Last Updated on August 6, 2021 by Jenelle Marie Pierce, Executive Director
This guest post was written by P. Nickle who loves someone who has an STD – The STI Project’s admin, Jenelle Marie.
Gentlemen, I’m going to give it to you straight, finding out your potential girlfriend or significant other has an STD is kind of a shocker.
I’m not about to try and sugar coat or simplify the decisions you are going to have to make about continuing the relationship. There are many, and not all of them will be easy ones to make. But, rest assured, with a little background knowledge, and some research of your own, you will be better equipped to tackle those questions.
The STD Reality
Let’s be real. As men, the question always pops into our brains. What if this woman has an STD? Is she going to tell me about it, or am I just going to have to kick back and wait for blisters to start showing up on my junk?
Honestly, in a healthy relationship, intimacy should be talked about before you engage in sexual activities, not after the fact, or while you are taking your clothes off. For me, the talk – after the fact – my girlfriend at the time, and still current, called me up and said we need to talk. Instantly, my mind started going a mile a minute: is she pregnant, was I terrible in bed, does she have an STD? In this case my prize was behind door number 3: she had an STD, herpes, to be exact.
Truth be told, I was kind of relieved. No kids on the way, and no, I do not suck in bed.
Okay, so now what do I do? First and foremost, I had to decide if ‘the juice was worth the squeeze’, as I like to refer to it as, or in laymen’s terms, is this woman worth continuing a relationship with now that I know she has an STD?
Guys/Gals, do some thinking and research on this one.
Find out as much information as you can on the STD in question and get the facts from your significant other. Ask them, do you have break outs, where are they and how often do you get them? Most importantly, what steps can we, as a couple, take to minimize the risks of contracting/transmitting the STD to each other?
Finally, do some research on your own about the STD in question and get the facts. DO NOT just settle for his/her side of the story and what they tell you. I stress this last point, because more often than not, there are three sides to any dilemma, theirs, yours, and the facts.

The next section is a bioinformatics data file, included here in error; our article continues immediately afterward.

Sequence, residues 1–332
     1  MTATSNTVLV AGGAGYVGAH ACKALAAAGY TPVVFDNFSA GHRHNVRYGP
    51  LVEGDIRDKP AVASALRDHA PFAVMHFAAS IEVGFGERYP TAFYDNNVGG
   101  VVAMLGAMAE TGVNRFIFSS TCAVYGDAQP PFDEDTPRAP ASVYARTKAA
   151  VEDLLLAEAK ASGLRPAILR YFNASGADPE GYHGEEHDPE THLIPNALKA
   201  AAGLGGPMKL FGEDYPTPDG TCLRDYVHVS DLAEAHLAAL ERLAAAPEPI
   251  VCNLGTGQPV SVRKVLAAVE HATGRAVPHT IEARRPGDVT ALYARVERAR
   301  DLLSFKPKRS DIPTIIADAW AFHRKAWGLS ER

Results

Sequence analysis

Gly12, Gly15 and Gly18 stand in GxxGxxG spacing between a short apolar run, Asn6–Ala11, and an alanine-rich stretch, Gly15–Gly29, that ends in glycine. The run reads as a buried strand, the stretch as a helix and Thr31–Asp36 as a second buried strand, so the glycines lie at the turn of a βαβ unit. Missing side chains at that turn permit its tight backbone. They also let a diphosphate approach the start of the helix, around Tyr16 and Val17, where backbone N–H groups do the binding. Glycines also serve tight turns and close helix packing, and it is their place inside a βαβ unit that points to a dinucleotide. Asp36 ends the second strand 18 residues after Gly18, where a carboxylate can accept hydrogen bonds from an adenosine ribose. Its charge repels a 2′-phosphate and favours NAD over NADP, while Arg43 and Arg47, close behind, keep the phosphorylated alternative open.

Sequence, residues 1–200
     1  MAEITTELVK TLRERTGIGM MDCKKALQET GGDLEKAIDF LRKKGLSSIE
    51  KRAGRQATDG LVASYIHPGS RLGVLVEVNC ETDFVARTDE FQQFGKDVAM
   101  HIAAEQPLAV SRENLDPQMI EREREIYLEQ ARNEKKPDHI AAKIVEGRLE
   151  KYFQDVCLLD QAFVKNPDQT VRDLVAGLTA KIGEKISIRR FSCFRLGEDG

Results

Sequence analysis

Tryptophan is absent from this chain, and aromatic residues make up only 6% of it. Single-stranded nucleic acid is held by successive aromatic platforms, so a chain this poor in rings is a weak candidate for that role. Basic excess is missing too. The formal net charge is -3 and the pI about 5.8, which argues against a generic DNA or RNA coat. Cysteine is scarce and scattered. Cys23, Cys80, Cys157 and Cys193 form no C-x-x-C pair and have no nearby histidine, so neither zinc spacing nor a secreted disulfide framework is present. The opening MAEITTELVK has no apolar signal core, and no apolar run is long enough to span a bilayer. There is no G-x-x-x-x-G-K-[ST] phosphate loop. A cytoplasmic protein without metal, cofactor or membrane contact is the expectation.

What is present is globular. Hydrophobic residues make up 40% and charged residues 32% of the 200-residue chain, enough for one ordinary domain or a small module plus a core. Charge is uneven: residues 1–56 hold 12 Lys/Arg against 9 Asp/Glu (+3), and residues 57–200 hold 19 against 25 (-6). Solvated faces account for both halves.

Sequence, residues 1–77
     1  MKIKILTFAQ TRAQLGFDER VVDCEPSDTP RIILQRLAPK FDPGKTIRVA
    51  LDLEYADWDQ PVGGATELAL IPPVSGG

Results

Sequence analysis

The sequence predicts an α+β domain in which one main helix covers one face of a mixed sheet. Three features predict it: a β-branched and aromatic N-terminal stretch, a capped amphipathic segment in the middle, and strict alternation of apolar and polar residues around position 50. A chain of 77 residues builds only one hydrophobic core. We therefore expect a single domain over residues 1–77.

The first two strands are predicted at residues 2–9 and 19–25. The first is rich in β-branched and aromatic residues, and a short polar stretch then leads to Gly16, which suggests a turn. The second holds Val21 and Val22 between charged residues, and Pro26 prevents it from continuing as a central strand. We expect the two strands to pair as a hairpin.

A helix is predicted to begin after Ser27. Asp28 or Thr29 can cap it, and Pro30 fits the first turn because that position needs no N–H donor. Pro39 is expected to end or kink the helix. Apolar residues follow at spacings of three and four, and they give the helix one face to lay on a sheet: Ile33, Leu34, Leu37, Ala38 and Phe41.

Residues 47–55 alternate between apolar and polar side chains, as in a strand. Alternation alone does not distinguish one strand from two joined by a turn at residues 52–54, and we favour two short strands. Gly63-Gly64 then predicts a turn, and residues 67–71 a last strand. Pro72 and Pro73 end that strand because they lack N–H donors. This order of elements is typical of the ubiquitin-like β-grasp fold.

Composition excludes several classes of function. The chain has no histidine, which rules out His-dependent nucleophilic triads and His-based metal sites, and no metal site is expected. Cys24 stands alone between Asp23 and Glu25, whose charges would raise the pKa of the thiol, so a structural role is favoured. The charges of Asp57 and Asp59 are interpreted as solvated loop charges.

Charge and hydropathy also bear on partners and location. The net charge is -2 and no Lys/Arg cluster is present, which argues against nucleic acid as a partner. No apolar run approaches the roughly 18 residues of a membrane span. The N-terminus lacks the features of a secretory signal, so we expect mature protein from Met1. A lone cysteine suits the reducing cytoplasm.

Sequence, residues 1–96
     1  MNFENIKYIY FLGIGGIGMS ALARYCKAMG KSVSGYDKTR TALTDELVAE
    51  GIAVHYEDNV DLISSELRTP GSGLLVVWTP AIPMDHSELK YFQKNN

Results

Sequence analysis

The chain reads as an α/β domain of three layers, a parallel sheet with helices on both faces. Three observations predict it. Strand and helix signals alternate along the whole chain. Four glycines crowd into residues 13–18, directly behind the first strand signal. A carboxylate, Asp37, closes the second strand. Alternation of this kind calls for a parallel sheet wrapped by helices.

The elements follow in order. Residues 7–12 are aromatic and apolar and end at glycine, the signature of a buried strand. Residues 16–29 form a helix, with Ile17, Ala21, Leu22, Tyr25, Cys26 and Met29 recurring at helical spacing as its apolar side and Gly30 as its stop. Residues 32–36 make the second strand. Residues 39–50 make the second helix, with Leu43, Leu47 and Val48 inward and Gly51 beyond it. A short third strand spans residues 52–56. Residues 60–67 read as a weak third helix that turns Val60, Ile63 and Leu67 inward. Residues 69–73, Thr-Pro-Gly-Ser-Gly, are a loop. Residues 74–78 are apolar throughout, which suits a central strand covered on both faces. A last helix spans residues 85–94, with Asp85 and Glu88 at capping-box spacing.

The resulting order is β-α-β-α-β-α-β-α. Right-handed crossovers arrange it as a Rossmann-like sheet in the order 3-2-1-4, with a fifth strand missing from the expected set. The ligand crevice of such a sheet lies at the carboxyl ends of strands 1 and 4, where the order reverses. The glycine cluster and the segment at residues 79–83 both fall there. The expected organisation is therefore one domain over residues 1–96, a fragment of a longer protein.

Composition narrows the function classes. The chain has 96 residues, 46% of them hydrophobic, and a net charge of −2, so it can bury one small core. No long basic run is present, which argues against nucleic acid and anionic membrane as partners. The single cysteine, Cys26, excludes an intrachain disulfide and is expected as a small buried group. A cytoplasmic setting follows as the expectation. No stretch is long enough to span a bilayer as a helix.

Now, all of that being said, you still have to ask yourself, knowing what I know, and knowing the facts, can I still love this person and not have their STD affect the way I feel about them? If that answer is yes, then bravo, you passed the hardest part of your STD test.
If you are still unsure how this STD could get in the way of your relationship, then take some time and think about how you really feel about that person. Ask yourself:
- Could I one day love this person?
- Can we still be intimate and see where the relationship goes?
Or, if you just don’t want to risk it, then tell them and be done with it. Better to do it early on, rather than just putting the STD in question on the back-burner till later, which, only makes it harder when, months from now, you decide you just don’t want to deal with the risk of contracting an STD.
Overall, my experience in a relationship with someone who has an STD has been fantastic. I know how to manage her outbreaks and minimize the risk to myself of contracting said herpes.
The STD does not hinder our sex lives, nor do we let it define our relationship.
That being said, don’t let an STD define your relationship. Figure out if you can have a healthy relationship with that person, then tackle the STD part.
In short, the juice was well worth the squeeze.
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This guest post was written by P. Nickle who loves someone who has an STD – The STI Project’s admin, Jenelle Marie. P. Nickle has a BA in Business and is currently working on his Masters in Criminal Justice and Psychology. He served in the United States Air Force and is a veteran of both Iraq and Afghanistan. He believes he has always had an open mind, an open heart, and he welcomes all walks of life regardless of sexuality, creed, or race. He is looking forward to sharing his views, knowledge, and experiences with STDs with you guys, our audience. He encourages all comments and questions.
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Are you also in a relationship with someone with an STD? What did you think about the author’s perspective? Did this help you work through your feelings? Share your thoughts in the comments section below!